The proposal hinges on the devices communicating with each other, so that every Drone in the sky will know where others are. That sort of networking could lead to a centralized air traffic control system for UAVs. If a flying gadget can’t connect to others, it will be required to stay below 200 feet.
This and other proposals are being considered as part of NASA’s nascent Unmanned Aerial System Traffic Management system, which includes Google and Verizon as partners.
Here are a few other company’s hoping to put their system into the mix:
Airware based San Francisco has attracted a lot of interest from Venture Capital companies and other investors because it has developed flexible, cost-effective autopilots that serve as the “brains” for drones. A software and hardware platform that companies can use to develop their own commercial drone fleets. A proprietary, operating system and related hardware components for commercial drones.
Airware’s work has also caught the attention of NASA. The US space agency partnered with the company in September 2014 to help develop an air traffic management system for unmanned aircraft
San Francisco-based DroneDeploy has developed a cloud-based platform for managing drone flights, sensors, data processing and more. This can be used for aerial data capture in industries that need that kind of information, such as agriculture or construction. The startup’s software works with several popular hobbyist drones.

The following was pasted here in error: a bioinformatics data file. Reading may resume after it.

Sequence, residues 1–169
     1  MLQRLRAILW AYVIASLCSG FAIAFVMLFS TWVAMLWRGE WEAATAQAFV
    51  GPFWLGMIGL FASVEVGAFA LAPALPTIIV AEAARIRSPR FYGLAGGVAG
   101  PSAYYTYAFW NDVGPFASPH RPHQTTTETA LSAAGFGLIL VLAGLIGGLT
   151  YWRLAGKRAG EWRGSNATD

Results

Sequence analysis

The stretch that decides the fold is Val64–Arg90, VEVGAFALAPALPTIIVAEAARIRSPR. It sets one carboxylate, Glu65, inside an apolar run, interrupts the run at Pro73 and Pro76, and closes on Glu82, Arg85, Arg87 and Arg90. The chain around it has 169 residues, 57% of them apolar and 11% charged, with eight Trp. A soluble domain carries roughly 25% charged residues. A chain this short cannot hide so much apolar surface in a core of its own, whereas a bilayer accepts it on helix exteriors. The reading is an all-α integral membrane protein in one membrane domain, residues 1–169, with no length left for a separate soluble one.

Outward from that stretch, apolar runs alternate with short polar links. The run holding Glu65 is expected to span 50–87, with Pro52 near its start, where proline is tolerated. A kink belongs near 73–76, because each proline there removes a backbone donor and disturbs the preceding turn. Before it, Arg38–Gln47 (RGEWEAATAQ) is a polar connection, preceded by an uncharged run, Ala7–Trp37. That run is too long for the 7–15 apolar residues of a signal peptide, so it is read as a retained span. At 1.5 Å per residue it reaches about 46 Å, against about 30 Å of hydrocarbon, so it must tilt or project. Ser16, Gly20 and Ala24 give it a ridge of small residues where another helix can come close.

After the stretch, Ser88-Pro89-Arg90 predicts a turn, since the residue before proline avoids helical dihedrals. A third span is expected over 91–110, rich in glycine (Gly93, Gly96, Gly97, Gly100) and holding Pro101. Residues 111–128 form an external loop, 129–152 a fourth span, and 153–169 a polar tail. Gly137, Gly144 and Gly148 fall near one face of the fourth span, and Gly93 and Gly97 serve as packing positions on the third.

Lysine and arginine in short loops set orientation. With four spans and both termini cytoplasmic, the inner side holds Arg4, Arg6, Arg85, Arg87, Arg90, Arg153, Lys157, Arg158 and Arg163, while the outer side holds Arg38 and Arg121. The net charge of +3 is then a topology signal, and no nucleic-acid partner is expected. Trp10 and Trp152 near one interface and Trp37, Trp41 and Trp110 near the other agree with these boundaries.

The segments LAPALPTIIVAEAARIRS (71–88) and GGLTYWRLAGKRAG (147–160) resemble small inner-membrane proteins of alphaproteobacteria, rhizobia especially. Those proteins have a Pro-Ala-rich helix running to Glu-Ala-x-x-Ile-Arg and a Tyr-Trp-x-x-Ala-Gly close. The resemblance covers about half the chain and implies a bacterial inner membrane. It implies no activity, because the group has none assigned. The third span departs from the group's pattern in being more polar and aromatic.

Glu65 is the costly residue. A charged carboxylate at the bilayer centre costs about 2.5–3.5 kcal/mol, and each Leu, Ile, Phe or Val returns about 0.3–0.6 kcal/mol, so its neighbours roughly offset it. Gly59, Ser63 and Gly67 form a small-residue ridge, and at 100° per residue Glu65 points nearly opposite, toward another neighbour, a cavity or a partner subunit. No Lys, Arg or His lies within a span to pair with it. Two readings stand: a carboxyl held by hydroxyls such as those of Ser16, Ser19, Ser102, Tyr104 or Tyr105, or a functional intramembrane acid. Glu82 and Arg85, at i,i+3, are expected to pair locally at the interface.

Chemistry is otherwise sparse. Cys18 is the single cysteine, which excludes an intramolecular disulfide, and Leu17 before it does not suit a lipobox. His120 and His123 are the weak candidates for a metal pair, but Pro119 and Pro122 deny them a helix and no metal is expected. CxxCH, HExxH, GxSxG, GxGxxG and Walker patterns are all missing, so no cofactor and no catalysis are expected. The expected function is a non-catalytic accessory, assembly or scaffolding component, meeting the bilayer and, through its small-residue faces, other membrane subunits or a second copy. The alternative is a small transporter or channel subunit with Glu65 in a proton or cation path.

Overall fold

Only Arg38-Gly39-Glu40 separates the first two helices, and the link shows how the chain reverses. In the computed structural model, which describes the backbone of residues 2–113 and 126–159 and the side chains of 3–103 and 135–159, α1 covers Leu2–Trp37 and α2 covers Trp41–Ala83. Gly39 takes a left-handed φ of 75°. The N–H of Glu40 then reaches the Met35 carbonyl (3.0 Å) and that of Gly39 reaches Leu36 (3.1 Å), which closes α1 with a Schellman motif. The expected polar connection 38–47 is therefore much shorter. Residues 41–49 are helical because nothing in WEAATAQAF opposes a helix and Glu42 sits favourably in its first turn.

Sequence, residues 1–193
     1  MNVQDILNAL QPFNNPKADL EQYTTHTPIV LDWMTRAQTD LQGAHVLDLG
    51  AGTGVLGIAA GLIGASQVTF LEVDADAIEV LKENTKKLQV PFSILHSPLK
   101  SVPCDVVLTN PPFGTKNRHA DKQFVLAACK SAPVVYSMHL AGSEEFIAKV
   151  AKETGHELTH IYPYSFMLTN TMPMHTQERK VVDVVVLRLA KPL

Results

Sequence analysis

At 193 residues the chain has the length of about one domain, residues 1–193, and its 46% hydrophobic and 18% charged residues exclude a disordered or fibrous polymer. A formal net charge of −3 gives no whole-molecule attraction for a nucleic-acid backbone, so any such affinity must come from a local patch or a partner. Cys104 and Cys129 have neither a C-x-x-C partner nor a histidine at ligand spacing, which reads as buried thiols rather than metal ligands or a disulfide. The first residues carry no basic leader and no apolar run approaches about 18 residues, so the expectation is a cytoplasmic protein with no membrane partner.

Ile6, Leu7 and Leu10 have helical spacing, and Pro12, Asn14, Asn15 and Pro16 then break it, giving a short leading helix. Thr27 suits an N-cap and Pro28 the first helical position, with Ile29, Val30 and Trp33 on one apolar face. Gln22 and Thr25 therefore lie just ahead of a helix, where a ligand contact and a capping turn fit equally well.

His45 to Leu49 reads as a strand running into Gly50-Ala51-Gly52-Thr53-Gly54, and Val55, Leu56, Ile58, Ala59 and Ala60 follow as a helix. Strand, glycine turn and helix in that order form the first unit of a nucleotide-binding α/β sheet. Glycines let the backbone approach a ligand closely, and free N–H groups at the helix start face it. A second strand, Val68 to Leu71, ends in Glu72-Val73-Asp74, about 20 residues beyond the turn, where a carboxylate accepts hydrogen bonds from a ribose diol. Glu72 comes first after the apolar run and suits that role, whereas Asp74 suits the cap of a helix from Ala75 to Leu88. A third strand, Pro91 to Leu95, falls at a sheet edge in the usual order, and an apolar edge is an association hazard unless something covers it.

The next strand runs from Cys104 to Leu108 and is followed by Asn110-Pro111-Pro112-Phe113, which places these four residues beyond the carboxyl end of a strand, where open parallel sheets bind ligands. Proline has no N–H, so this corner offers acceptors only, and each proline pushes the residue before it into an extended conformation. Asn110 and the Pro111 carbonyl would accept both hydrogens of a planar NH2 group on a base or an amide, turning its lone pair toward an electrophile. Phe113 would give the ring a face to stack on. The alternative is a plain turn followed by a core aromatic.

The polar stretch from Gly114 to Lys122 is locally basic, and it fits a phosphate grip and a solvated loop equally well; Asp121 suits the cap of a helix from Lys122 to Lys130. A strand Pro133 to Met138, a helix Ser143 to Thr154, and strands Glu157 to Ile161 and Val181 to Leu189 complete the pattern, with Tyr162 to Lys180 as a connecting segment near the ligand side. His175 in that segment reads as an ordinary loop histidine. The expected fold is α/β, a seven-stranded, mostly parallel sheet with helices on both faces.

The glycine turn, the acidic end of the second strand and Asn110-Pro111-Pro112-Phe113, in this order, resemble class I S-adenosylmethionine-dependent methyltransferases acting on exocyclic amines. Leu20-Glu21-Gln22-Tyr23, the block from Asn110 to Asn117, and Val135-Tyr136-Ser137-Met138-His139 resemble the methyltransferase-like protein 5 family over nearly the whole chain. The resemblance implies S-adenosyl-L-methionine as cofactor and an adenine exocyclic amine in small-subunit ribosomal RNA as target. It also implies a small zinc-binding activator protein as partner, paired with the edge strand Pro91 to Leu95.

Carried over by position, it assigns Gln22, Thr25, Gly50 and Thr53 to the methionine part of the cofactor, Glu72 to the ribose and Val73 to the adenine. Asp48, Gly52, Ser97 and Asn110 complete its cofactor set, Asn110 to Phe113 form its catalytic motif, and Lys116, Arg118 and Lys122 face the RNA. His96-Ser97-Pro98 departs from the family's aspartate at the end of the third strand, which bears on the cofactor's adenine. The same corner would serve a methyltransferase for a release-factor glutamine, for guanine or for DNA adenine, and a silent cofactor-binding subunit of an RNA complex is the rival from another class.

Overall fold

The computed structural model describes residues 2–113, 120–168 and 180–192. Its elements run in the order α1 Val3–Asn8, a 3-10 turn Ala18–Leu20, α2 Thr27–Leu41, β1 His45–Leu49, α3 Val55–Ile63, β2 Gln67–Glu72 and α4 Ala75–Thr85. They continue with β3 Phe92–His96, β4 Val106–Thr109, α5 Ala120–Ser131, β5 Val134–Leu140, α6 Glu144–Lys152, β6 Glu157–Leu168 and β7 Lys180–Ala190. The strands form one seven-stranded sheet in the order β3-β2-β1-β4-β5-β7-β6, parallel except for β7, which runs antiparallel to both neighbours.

SkyWard is also working with NASA and the world’s three largest drone makers—DJI in China, 3D Robotics in the U.S., and Parrot in France—to demonstrate that swarms of drones can safely coexist in crowded airspace. “It’s about applying the regulatory framework to a new kind of aviation infrastructure,” says co-founder and Chief Executive Officer Jonathan Evans. The software project, Urban SkyWays, is designed to resemble a conventional air traffic control system at altitudes of 1,200 feet or lower.
SkyWard and its partners plan to make money from annual subscriptions paid by drone operators to use the traffic control software. For now, SkyWard is consulting and working with companies on drone-pilot training and compliance with FAA regulations.
Working Within the Current Structure
Meanwhile one option for rural areas that the U.S. postal Service is interested in is designed to help companies manage their logistics now.
The HorseFly, a newly designed, autonomous unmanned aerial vehicle, was developed to work in tandem with delivery trucks, creating a safe, fast and never-before-seen method of delivering goods.
Designed to speed package delivery while cutting costs. When mated to a Workhorse electric truck, the HorseFly can quickly recharge from the truck’s large battery. With delivery trucks scattered within almost any region during the day, the Drone can make short flights from the vehicle, as opposed to flying from a warehouse for each delivery.
While this plan will take some time to set-up and implement, the responsibility for reliable safety systems will fall on the manufacturers, along with the added cost of producing such systems being passed on to the customer. We are probably still a few years away from drone to home delivery, but the technology is there, it just needs to be rigorously tested and refined before the FFA will allow more wide-spread commercial Drone delivery.